As we were wrapping up another year this past week, I spent some time thinking about what was different for me in 2015. What was the one event or activity or mindset that marked the year? Like the past few years, photography was a big focus for me. But I actually had a big shift this past year in my approach.
It happened in late July. We were driving home from vacation. I was already feeling that post-vacation let-down. We had a relaxing week just hanging out together as a family. No work. No sports. No schedules. We had some fun adventures and great time together as a family. I also had been able to spend lots of time doing what I do when we go to a new place. I love looking at the world through the lens of my camera.
I love looking for the beauty in a new place. I love capturing the interesting angles or finding a unique perspective. I often get up early before my family and sneak off into the quiet of the morning to capture an image. They are used to me veering off the path or lagging behind because I’m taking a close-up of a bug or a flower or a tree.
As we were driving home and I was staring out the window, I wondered if the people who live in this place every day could see its beauty. How did they resist the urge to stop their cars and take photos all the time? Were they so accustomed to the beaches and the trees and the lighthouses and the sunsets that it was harder to appreciate their charm?
Then I started thinking about the place where I live, and I asked myself the same question. Why is it that I feel such a sense of urgency to capture the beauty of a place when I’m on vacation? While I don’t have beaches or lighthouses nearby, I do have plenty of interesting scenery just a short drive from where I live. Maybe I needed to try harder to really SEE the beauty that’s all around me.
Maybe the shift in my thinking isn’t completely obvious, so let me explain a little more. I’ve always been good about taking photos of our life. If I saw a beautiful sunset, I would grab my camera. If the kids were playing a sport, I would take a million photos. But what if I really made an effort to go out and SEE the beauty in the everyday landscapes, fields, paths, flowers and moments that were there all of the time?
I started the very next day. While we were on vacation in Michigan, I had read online that there was a field of sunflowers about a half mile from where we were staying. We tried to find it, but apparently, the farmer had decided to plant something else in that field.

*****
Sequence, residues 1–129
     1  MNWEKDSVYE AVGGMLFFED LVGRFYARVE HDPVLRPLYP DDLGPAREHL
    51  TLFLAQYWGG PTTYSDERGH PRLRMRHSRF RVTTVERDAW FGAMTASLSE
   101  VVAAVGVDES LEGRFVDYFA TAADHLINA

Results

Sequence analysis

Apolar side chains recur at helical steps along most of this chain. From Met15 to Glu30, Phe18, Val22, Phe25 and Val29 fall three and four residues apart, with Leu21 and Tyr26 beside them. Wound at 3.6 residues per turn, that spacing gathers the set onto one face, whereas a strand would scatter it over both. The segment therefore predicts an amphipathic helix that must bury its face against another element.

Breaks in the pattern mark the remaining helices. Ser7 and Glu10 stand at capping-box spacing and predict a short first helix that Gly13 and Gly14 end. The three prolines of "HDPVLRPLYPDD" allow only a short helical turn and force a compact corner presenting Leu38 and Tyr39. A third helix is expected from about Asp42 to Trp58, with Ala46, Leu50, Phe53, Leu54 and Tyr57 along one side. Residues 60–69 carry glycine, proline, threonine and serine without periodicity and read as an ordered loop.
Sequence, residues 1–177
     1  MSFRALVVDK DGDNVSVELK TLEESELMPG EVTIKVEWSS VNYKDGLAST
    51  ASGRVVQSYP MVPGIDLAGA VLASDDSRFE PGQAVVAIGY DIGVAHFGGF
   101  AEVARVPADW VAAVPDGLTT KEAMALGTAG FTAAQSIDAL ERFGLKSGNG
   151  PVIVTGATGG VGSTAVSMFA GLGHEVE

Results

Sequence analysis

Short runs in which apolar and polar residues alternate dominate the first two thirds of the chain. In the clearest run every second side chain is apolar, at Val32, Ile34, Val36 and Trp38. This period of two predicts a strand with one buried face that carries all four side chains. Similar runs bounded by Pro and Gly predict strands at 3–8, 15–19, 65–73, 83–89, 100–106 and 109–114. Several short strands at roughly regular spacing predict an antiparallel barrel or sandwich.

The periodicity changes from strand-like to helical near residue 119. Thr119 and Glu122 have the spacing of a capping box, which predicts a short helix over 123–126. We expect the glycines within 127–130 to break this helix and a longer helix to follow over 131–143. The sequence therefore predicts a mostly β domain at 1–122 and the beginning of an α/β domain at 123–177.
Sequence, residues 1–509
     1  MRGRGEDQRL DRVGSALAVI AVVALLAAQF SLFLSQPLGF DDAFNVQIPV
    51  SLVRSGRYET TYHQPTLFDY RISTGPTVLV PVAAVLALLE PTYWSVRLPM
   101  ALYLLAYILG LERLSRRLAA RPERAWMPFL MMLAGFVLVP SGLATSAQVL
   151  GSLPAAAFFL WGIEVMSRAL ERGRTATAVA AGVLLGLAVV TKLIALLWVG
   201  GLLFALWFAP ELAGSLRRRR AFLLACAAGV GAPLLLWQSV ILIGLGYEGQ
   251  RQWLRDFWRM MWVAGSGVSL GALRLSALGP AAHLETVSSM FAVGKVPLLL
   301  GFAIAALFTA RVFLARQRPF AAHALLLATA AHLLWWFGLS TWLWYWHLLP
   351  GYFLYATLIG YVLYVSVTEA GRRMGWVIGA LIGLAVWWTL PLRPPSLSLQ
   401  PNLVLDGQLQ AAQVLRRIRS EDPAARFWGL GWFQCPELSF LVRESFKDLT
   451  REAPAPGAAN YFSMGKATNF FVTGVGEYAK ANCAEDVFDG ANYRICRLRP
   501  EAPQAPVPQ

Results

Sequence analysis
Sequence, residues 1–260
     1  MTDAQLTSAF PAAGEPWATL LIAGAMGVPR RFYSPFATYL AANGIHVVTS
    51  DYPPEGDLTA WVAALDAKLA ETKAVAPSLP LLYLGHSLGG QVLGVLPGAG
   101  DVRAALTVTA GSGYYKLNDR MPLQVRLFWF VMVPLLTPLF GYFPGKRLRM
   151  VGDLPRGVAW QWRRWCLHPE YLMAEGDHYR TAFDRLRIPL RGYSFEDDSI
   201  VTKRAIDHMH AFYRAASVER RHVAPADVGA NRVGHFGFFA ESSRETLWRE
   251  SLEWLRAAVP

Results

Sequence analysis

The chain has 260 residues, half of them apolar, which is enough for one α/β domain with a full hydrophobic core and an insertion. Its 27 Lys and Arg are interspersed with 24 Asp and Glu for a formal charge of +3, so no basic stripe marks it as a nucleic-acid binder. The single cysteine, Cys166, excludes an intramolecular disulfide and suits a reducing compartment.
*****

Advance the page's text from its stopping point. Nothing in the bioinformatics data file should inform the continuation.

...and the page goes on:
Then it hit me. Maybe I could find a field of sunflowers at home! We looked on the Internet, and I found one about 40 miles away. Driving 40 miles to find a field of sunflowers was something I would easily do on vacation. Why not do the same thing in my normal life?
The next day, I decided I really wanted to start collecting photos of the area right around my home. I drove down a road that I take numerous times each week to go to my job and our church. This time I took my camera. I’ve noticed the horses and the fields and the beauty of this farm before. But I wanted to really SEE it. I wanted to look through my camera and follow the long white fence and focus on the amazing view of the fields behind it.
My photography adventures have been neverending since then. I rarely leave the house without my camera in the passenger seat. I take it on walks. And I take walks on new trails and different paths, looking for the beauty. If the weather is particularly interesting — the sky could be full of big fluffy clouds or consumed by fog — I don’t hesitate to stop what I’m doing and go out looking for the beauty. Why not?
I have an app on my phone to keep track of the pattern of the moon and the time of the sunset and moonset. I leave a few minutes early when I know it’s possible the sky could light up in astounding color while I’m driving to pick up a kid somewhere.
I’ve found the best spots to get a clear view of the sunset or the moonrise. Since that moment in July when I decided to start seeing my world better, each day felt like a new adventure to find the beauty in my world.
I read an article lately that talked about how Americans are obsessed with vacation. We spend 95 percent of the year planning and counting down to the 5 percent of the year that we’re on vacation. “But what if we tried to create a life that felt like a vacation everyday?” the author asked.
For me, that’s how I’ve felt this past year. I love going on vacation and exploring new places. But finding the beauty in the world doesn’t have to only happen when I’m far away from home. I go out looking for spider webs. I search for animals in the pond. I sometimes make an early morning drive to the river just to watch the sunrise. Making such an effort to see the place where I live has made me really stop and appreciate the life I have and the beauty of what’s around me every day.
So what about you? What was different for you in 2015?